Tuesday, February 05, 2008

Hello, Super Tuesday! (or, The Naked Truth)

*Blogger's Note: Today's blog strays widely from my usual non-political, artiste-in-Paree ramble. But - and this is the honest-to-god truth - I had a dream last night in which a Dutch blogger who I met back at France 24 last spring told me I had to blog about the election. I know it's weird, but here I am.

Part of the silver lining of being raised by narcissistic parents (besides the fact that it makes you prone to always look for the silver lining!) is that it gives you a really good bullshit detector for the rest of your life. The constant task of monitoring other people's moods for your own survival makes you hyper-aware, hyper-alert to every nuance in human behavior, like some sort of 24-hour emotional sentry (unless of course it makes you crazy, which is also a possibility). Since you spend your earliest days sifting through lies and distortions, you are - in my humble unlicensed opinion - pretty darn qualified to tell when someone is being real.

Which brings me to today's primary.

Much has been written, said, debated, blah blah blah, about the candidates, who, in the case of the Democrats, have now been whittled down to two. Much of the recent "news" about them has in fact been commentary on the news about them (as friend V said, "The media love commenting on the media"). So how do we sift through all of this and vote for the person we think will do the better job?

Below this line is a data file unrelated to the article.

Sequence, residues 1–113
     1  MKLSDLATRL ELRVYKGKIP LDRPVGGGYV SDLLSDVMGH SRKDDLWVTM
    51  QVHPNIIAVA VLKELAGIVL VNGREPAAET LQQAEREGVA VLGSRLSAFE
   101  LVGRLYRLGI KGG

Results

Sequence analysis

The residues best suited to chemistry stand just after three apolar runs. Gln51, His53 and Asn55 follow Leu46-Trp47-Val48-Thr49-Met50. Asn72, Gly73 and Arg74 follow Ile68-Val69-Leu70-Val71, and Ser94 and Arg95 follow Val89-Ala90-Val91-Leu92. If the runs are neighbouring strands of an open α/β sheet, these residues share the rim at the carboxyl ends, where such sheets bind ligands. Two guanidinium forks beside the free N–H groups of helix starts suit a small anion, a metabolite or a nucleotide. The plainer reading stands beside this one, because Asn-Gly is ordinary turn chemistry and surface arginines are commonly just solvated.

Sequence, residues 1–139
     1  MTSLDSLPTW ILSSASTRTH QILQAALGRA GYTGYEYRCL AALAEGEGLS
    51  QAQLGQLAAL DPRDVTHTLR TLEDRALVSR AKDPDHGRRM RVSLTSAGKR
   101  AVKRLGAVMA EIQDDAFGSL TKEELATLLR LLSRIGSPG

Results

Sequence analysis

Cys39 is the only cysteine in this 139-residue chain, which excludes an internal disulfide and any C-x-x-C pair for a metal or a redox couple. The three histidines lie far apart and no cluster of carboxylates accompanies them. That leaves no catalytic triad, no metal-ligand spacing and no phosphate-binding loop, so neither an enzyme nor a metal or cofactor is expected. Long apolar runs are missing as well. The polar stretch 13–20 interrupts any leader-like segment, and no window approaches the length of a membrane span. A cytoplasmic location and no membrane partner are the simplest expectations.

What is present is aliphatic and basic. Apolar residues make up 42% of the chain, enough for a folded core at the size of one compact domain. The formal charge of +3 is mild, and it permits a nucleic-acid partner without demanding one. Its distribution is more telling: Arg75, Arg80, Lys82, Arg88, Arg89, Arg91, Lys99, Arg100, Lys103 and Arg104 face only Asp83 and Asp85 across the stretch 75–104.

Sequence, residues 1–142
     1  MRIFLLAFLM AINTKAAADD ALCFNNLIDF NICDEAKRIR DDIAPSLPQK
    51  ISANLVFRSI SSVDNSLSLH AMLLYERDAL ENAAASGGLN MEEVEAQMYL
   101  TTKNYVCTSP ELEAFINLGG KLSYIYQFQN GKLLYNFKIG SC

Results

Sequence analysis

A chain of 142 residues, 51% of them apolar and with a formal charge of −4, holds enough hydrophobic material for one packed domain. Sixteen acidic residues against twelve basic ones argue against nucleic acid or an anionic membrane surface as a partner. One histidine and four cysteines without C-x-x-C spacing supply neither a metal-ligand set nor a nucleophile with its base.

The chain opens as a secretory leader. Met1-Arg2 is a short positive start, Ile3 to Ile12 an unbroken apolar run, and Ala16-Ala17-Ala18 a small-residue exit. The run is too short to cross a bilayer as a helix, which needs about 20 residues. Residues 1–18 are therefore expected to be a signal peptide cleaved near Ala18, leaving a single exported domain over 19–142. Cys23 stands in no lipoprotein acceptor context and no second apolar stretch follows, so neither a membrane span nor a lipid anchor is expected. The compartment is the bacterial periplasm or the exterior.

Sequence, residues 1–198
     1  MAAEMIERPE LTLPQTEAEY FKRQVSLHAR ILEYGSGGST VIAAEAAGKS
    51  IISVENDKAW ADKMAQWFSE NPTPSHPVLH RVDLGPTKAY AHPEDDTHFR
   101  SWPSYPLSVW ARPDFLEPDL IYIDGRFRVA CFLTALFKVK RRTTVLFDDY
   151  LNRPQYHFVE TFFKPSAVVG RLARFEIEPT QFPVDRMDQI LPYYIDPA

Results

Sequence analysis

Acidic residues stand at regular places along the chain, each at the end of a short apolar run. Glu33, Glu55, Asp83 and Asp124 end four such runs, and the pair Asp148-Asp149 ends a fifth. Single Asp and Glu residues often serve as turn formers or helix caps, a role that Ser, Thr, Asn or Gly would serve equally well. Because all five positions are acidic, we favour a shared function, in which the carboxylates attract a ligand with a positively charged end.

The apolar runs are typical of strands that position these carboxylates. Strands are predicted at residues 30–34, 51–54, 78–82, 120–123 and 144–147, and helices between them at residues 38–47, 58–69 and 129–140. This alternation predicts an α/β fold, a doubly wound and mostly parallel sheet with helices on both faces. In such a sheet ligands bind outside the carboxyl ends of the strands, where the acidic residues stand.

For the last eight years, Americans have been deceived and lied to in ways I never thought possible in the richest nation on earth. Talk about narcissistic parents! These people make Joan Crawford look like a walk in the park. Do you remember the window of time that was post-9/11, pre-Iraq? It's hard to believe that there was ever a time when Americans could still make a choice about being in Iraq. But there was. And our leaders, our Democratic leaders, were in positions of power to make that choice. And Hillary Clinton was one of them. And she voted to give the president power to make war.

This was not "a" mistake on her part, it was "the" mistake of our era. Americans have lost so much since then, as a result of hers and other Democrats' cowardice: human lives, billions of dollars, international goodwill, not to mention a whole generation of seriously damaged men and women coming back from Iraq. (Can you say Vietnam II?)

Why didn't she read the documents which only she, as a Senator, had access to? Why didn't she do her job and protect us from the insanity of the Bush administration? How on earth can I vote for someone who, when in a position of power, went against every single core value and belief in my being?